Fur color can range from brown, reddish-brown, orange, or shades of blonde. White bald-headed uakaris have a more blonde, pale fur coat.
Uakaris come in many colors! Cacajao calvus rubicundus have a red coat, while red uakaris have a reddish-gold coat. And Novaes’ bald-headed uakaris have an orange fur coat.
Unlike many primates in South America, bald uakaris have very short tails. These tails are non-prehensile. This means they can’t use their tails to grab onto things. Their short tails are simply decorative, so it doesn’t offer any advantages.
Bald Uakari Diet
Bald uakaris are herbivores and frugivores. This means their diet only consists of plant matter, fruits, and seeds. What they eat can depend on the season.
Bald uakaris mainly feed on seeds and fallen fruits and leaves during the dry season. The dry season in the Amazon takes place between August and November.
The wet season is between December and May. During this time, bald uakaris feed on fruits and leaves in the forest canopy.
The time of year largely affects the lifestyle of the bald uakari. They’re primarily arboreal during the rainy season. Water levels on the ground are too high for them. This is why they spend most of their time up in the trees.
Once the rainy season passes, bald uakaris become terrestrial. They travel down to the forest floor to forage for food. Observations conducted determined that uakaris feed on up to 120 plant species.
The jaws and teeth of the bald uakari are designed to bite through seeds and fruits with hard exteriors. They also enjoy snacking on Brazil nuts and various insects, such as caterpillars and ants.
Behaviors and Group Dynamics
Bald uakaris are very social creatures. They have several types of communication methods. They use facial expressions, body language, vocalizations, and pheromones to communicate. Researchers have observed bald uakaris use at least 10 facial expressions.
To ward off predators, bald uakaris let out a high shrieking noise. Pheromones are scents released to attract mates.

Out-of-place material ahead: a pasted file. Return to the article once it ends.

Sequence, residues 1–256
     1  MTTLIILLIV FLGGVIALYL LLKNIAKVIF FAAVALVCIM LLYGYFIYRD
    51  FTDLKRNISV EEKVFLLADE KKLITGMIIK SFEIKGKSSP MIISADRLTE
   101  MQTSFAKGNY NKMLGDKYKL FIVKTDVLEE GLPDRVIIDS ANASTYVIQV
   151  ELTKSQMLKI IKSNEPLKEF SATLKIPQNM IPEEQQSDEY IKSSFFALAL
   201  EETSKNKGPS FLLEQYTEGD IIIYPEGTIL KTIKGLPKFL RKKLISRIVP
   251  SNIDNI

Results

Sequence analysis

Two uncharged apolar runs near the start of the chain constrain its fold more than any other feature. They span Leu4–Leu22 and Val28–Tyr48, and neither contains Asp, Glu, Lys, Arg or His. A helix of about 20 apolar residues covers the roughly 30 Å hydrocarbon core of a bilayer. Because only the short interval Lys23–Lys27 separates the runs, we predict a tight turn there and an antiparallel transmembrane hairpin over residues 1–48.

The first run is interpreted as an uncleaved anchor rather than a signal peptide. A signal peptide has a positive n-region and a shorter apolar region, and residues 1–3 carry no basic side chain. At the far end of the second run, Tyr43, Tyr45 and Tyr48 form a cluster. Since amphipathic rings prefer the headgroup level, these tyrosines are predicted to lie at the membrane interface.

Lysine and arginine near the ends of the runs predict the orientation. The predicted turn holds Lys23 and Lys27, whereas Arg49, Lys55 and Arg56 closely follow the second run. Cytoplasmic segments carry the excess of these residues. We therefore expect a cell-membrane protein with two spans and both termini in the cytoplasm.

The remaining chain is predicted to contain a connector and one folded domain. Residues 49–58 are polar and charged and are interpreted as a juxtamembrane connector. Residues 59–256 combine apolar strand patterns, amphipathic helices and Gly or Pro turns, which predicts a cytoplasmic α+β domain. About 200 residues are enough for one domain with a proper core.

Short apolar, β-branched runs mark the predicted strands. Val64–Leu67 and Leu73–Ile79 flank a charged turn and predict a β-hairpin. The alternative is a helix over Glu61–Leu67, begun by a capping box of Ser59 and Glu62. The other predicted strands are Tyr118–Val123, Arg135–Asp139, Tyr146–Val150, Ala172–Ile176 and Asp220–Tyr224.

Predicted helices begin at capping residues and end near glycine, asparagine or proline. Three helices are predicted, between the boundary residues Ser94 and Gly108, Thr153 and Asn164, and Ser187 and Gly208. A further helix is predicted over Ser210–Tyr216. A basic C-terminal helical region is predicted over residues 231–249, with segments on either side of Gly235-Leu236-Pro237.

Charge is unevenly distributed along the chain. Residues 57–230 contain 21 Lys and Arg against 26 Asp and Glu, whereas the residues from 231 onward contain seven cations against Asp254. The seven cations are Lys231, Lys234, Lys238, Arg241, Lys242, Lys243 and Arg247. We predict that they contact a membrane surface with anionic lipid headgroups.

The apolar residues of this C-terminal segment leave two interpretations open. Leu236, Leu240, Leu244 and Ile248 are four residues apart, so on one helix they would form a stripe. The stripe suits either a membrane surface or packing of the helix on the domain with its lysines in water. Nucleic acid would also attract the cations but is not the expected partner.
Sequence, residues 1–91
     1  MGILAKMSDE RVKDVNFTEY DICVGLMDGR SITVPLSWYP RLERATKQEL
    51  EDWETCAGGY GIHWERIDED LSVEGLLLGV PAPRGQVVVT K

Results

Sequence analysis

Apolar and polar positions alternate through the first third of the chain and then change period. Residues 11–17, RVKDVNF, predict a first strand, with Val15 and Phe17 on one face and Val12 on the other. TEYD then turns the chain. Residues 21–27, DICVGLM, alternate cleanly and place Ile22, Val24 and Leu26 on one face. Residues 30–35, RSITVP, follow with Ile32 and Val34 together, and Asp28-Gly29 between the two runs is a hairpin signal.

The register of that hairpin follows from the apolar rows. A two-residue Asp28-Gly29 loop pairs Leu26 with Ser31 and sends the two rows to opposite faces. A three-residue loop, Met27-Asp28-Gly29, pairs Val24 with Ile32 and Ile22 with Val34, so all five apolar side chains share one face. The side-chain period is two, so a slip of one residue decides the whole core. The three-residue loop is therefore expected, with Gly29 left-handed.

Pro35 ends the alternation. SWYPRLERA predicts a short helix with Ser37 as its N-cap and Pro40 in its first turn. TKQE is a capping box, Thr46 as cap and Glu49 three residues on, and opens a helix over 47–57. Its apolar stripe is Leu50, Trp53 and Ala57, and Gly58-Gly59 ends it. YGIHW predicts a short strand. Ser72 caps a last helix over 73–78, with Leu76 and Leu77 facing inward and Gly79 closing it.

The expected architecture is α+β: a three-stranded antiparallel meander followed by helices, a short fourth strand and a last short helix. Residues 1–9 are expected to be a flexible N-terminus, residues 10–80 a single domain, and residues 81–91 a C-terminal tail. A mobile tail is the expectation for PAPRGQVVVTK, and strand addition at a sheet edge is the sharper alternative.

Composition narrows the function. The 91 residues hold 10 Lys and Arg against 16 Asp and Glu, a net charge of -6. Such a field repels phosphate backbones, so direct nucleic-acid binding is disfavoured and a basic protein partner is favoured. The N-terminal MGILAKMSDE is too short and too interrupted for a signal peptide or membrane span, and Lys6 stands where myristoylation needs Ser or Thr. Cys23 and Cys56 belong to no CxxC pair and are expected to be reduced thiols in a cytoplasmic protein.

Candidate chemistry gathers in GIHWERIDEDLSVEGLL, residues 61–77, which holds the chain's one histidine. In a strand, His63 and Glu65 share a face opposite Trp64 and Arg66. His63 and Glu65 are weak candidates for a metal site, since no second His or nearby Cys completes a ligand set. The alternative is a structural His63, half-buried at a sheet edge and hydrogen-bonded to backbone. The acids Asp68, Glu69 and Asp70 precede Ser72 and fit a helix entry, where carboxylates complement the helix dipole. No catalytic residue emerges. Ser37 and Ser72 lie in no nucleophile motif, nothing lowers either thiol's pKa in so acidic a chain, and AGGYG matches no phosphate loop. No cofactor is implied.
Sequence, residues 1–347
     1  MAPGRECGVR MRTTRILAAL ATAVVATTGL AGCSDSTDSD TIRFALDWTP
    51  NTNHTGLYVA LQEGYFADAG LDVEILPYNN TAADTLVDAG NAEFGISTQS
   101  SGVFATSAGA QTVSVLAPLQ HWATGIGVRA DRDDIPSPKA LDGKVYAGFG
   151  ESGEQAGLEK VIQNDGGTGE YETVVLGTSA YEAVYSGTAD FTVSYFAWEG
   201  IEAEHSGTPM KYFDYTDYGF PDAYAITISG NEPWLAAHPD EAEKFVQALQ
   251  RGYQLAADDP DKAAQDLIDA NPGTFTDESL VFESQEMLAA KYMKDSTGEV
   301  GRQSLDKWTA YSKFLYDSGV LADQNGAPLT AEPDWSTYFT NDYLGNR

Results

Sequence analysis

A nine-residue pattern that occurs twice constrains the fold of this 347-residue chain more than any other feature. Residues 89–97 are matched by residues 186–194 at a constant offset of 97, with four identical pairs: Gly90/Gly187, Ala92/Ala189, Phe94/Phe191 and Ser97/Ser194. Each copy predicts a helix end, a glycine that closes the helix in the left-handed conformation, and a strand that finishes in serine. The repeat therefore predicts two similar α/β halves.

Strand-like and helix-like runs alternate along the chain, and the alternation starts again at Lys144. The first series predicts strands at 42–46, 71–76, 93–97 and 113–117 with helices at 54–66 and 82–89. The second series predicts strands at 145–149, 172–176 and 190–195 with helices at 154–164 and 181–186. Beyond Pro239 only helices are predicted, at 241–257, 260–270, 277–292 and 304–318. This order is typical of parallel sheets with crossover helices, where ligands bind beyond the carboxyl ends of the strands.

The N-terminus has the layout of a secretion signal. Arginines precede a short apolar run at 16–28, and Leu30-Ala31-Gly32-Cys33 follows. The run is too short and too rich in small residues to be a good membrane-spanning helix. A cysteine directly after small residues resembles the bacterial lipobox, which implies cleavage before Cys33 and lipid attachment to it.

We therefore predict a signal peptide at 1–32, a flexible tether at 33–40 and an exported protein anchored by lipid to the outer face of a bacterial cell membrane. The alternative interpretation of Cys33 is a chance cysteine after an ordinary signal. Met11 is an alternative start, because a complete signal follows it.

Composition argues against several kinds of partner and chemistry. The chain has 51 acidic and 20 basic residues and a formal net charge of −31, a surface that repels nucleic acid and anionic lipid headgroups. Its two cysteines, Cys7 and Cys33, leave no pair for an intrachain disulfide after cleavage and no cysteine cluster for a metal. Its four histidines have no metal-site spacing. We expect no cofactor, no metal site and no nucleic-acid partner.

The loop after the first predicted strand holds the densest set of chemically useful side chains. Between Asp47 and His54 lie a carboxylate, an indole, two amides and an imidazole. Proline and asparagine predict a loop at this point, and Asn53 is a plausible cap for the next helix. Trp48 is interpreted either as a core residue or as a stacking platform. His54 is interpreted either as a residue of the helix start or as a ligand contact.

Bald uakaris have also been observed wagging their short tails. Tail wagging can be a sign of excitement or threat. When threatened, tail wagging is often accompanied by clicking noises and raised fur.
Bald uakaris live in groups called troops. One troop can have up to 30 individuals. Larger troops can have up to 100 members. Bald uakaris usually split up into smaller groups to forage for food.
A troop’s home territory can be as large as 2 square miles (5.2 sq km). Troops may travel between 3-5 miles (4.8 – 8.0 km) in just one day.
These primates spend equal amounts of time resting, eating, foraging, and traveling. They’re diurnal creatures. This means they’re active during the day.
You May Also Like: How Strong Is A Gorilla? The Largest And Strongest Of The Great Apes
Mating and Reproduction
Many primate species are polygynandrous. This is a type of mating system in which the males and females have multiple partners throughout their lifetime. This is a relatively common mating system for primate groups that consist of multiple males and females.
Bald uakaris are mainly monogamous. They usually only mate with one other partner in their lifetime. But some individuals may have multiple partners.
Bald uakaris breed between October and May. Breeding occurs at the end of the dry season and in the wet season because ample food sources are available.
Females give birth to one young about every two years. The gestation period is six months. Like many infant primates, they’re highly dependent on their mother for the first few months.
Mothers spend most of their time caring for their young for the first five months after birth. They feed on milk until they’re old enough to transition to fruits.